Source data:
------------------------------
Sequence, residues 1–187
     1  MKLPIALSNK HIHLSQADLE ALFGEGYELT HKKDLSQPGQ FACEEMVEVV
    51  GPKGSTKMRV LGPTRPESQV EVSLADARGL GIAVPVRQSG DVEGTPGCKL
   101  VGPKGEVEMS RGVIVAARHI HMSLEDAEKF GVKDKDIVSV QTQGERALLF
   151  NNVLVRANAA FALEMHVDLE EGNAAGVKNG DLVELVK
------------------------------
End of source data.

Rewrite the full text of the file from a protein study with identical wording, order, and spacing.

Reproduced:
Sequence, residues 1–187
     1  MKLPIALSNK HIHLSQADLE ALFGEGYELT HKKDLSQPGQ FACEEMVEVV
    51  GPKGSTKMRV LGPTRPESQV EVSLADARGL GIAVPVRQSG DVEGTPGCKL
   101  VGPKGEVEMS RGVIVAARHI HMSLEDAEKF GVKDKDIVSV QTQGERALLF
   151  NNVLVRANAA FALEMHVDLE EGNAAGVKNG DLVELVK